Jennifer Grant Good Stuff: A Reminiscence of My Father, Cary Grant. 2011
Geoffrey Wansell Cary Grant: Dark Angel. 1996
Dyan Cannon Dear Cary: My Life with Cary Grant. 2011
Graham McCann Cary Grant: A Class Apart. 1996

Biographical movies about Cary Grant

Cary Grant on Film 1999
Cary Grant: A Celebration of a Leading Man 1988
American Masters: "Cary Grant: A Class Apart" Episode #18.3 2004
Biography: "Cary Grant: Hollywood's Leading Man" 1993

What movies did Cary Grant play or participate?

Producers Filmography
The Grass Is Greener (1960) ,
Actors Filmography
Walk Don't Run (1966) Sir William Rutland, Father Goose (1964) Walter, Charade (1963) Peter Joshua, That Touch of Mink (1962) Philip Shayne, The Grass Is Greener (1960) Victor Rhyall, Earl, Operation Petticoat (1959) Lt. Cmdr. Matt T. Sherman, North by Northwest (1959) Roger Thornhill, Houseboat (1958) Tom Winters, Indiscreet (1958) Philip Adams, Kiss Them for Me (1957) Cmdr. Andy Crewson, An Affair to Remember (1957) Nickie Ferrante, The Pride and the Passion (1957) Anthony, To Catch a...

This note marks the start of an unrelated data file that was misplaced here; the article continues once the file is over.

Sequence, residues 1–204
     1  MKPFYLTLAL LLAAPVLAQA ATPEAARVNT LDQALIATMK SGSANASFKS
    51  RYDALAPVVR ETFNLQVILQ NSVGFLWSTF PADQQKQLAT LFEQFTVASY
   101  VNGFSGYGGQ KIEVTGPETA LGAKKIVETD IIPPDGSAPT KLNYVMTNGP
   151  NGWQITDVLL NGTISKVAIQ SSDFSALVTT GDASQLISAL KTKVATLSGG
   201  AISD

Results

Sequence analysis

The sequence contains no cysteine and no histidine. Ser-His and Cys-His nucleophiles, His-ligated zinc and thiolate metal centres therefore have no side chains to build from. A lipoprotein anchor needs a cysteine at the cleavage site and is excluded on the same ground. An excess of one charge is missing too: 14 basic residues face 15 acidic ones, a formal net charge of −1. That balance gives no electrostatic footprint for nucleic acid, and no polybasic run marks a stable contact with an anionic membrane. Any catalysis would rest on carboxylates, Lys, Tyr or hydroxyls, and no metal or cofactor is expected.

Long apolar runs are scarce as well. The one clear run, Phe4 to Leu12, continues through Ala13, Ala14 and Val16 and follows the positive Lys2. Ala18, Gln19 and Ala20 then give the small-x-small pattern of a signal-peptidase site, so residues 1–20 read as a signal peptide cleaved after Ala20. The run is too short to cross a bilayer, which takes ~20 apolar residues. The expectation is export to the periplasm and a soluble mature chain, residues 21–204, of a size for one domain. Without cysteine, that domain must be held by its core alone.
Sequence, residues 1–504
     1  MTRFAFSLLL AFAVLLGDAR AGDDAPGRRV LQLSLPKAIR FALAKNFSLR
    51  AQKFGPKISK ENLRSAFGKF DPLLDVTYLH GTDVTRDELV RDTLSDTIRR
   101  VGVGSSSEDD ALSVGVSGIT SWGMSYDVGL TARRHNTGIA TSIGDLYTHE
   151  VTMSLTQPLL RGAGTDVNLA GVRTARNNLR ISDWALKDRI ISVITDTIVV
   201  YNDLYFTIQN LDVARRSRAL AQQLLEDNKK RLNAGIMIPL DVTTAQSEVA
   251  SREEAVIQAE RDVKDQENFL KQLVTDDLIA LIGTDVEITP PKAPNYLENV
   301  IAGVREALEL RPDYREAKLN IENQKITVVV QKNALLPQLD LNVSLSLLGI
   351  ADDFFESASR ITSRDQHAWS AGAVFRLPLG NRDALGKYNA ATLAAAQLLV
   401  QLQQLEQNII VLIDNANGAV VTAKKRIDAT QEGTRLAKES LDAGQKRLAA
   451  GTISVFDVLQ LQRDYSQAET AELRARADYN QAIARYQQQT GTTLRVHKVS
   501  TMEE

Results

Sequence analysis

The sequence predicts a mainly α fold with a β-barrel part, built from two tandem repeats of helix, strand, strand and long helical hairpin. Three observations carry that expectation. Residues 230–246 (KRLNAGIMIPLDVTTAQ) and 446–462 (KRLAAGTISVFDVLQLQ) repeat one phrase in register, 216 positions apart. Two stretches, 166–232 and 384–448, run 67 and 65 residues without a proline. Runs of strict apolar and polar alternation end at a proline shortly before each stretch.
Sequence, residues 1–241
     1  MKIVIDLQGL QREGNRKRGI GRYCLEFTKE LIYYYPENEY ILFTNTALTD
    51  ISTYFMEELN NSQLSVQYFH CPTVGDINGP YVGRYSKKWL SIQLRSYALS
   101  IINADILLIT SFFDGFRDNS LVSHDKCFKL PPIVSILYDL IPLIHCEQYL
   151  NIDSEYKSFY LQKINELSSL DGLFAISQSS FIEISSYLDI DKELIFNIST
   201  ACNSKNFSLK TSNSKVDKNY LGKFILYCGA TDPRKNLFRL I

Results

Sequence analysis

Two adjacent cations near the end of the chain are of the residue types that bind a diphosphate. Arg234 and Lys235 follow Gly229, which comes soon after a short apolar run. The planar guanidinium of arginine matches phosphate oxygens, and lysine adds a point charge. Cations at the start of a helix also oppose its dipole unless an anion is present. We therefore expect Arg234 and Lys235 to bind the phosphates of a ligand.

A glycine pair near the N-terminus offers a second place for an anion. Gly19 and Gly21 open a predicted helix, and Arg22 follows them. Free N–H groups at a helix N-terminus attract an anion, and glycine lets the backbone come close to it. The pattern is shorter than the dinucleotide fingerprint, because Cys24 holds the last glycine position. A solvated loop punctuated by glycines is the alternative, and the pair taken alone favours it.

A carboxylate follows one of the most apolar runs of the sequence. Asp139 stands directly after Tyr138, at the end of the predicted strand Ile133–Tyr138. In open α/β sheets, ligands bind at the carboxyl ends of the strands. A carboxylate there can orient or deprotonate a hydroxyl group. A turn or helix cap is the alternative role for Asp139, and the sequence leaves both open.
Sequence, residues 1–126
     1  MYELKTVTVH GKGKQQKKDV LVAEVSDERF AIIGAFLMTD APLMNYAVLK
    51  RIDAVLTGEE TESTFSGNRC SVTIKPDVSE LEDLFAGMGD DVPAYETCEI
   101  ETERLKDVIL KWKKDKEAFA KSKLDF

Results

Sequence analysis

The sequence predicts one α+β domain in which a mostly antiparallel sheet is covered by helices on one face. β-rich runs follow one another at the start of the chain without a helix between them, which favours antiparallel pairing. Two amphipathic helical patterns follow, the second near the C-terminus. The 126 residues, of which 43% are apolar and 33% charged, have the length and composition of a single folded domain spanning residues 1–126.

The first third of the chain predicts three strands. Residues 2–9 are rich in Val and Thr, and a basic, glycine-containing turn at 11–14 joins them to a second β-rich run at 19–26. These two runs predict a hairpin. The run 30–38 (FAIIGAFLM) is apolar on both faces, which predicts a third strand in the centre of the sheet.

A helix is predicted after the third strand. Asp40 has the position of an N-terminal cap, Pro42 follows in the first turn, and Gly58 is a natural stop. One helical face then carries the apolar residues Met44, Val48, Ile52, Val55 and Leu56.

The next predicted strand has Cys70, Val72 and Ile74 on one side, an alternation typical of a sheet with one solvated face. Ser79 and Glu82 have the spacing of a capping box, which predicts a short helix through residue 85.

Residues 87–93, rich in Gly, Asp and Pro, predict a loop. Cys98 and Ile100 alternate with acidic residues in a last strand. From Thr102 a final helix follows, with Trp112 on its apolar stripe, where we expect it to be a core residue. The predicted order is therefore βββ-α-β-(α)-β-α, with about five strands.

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Cary Grant and Irene Dunne in Akkorde der Liebe (1941)

In 2005 "Premiere" magazine ranked him as the #1 Movie Star of All Time in its "Stars in Our Constellation" feature.

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Cary Grant in Akkorde der Liebe (1941)

Maintained a year-round suntan to avoid wearing makeup.

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Cary Grant and Sylvia Sidney in Thirty Day Princess (1934)

Became the director of the Fabergé cosmetics firm in 1966.

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Cary Grant and Nancy Carroll in The Woman Accused (1933)